Friday, September 19, 2014

The Kidnapping Of Flint Rhem

The National League pennant race was hot when the St Louis Cardinals arrived in Brooklyn on September 15, 1930 for a three games series against the Dodgers at Ebbetts Field starting the next day.  The Cards had been on a torrid streak, winning 34 of their last 45 games and raising their record to 82-60 only a game behind league leading Brooklyn and only a half game in front of the Chicago Cubs. 

Cards manager Gabby Street had a problem on his hands due to the hand problem of Wild Bill Hallahan whose turn it was to pitch the next day.  Hallahan had caught a finger in the door of a taxi and told Street he couldn't pitch.  Gabby decided to move the next man in the rotation, Flint Rhem, a hard throwin' and hard drinkin' South Carolinian, up a day.  Rhem had been outstanding recently winning five in a row including his last start on September 12 beating the New York Giants 5-2 in probably his finest performance of the season.;0xw,0.1484375xh&resize=400:*(Mr Rhem)
The only problem his manager faced that evening was that Flint Rhem was nowhere to be found.  He'd disappeared, just like Judge Crater had vanished in nearby Manhattan only six weeks prior.  In desperation Gabby went to Wild Bill who agreed to give it a try.  It turned out to be quite a try.  The Cards won 1-0 in ten innings with both Hallahan and the great Dazzy Vance (see Dazzy Koufax for more on Vance) going the distance.  Hallahan was touched for only five hits; Vance gave up seven, striking out eleven and walking nobody.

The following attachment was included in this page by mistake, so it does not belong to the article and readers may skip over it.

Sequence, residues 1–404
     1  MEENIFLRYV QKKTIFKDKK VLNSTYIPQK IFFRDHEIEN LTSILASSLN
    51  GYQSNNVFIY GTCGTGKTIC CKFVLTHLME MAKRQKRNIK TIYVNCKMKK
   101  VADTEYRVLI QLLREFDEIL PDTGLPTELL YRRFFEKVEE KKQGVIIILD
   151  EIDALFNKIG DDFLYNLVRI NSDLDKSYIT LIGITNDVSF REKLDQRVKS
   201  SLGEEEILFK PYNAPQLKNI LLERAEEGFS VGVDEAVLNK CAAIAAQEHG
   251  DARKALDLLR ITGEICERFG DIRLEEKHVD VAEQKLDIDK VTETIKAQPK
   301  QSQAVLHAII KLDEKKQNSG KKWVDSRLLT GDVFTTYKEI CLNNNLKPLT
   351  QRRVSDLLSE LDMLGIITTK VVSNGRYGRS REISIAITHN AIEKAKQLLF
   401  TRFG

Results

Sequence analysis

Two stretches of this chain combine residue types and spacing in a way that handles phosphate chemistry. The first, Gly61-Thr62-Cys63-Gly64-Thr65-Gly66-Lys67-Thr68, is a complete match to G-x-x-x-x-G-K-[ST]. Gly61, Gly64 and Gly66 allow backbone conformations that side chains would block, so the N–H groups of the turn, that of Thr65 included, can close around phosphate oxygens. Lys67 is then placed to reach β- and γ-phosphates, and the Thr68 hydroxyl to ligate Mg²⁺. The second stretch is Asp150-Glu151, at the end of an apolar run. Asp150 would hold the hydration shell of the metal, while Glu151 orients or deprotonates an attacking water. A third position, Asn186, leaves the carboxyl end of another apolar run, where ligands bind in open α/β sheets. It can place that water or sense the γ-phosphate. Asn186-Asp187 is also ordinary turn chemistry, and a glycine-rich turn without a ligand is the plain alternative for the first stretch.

The following day, almost 48 hours after his disappearance, Flint Rhem reappeared but in no condition to pitch.  No problem, the Cards won again and then beat the Dodgers once more on the 18th to sweep the series and leave with a two game lead, going on to win the pennant.

What happened to Flint Rhem?  Why, he'd been kidnapped by thugs who force fed him liquor to prevent him from pitching against the Dodgers!

According to the Sabr Bioproject  biography of Rhem a wire service story devoted to Flint's shocking tale appeared on September 19;

 “Rhem, who through his diamond career has never been celebrated as an ardent prohibitionist, failed to appear at the Cardinals’ local headquarters [before a game in Brooklyn] on Monday night. Last night, however, he returned and faced ‘Gabby’ Street, the manager. ‘Yes?’ said Street coldly. ‘Yes,’ mumbled Rhem. ‘Bandits. Guns. Kidnapping. They made me drink the awful stuff.’” Rhem’s claim was that two thugs had kidnapped him and taken him to a remote roadhouse. They were armed, and forced him to drink a large quantity of hard liquor. “‘And I am sorry to say that I got drunk. Imagine that happening to me! Of all people, me!...I was helpless, always in fear of my life.’”


Another version of the story can be found at
When the Redbirds returned to their hotel following the extra-inning thriller, Rhem showed up visibly, the worse for wear. According to Rhem, he was standing outside the team's hotel when a car pulled up. Two men, presumably Robins' fans, forced him into the car at gunpoint. His abductors then took him to a house in New Jersey, where again at gunpoint, forced him to drink whiskey all day. Ring Lardner wrote that Rhem continually kept saying to Street, "It was terrible, Sarge, it was just awful."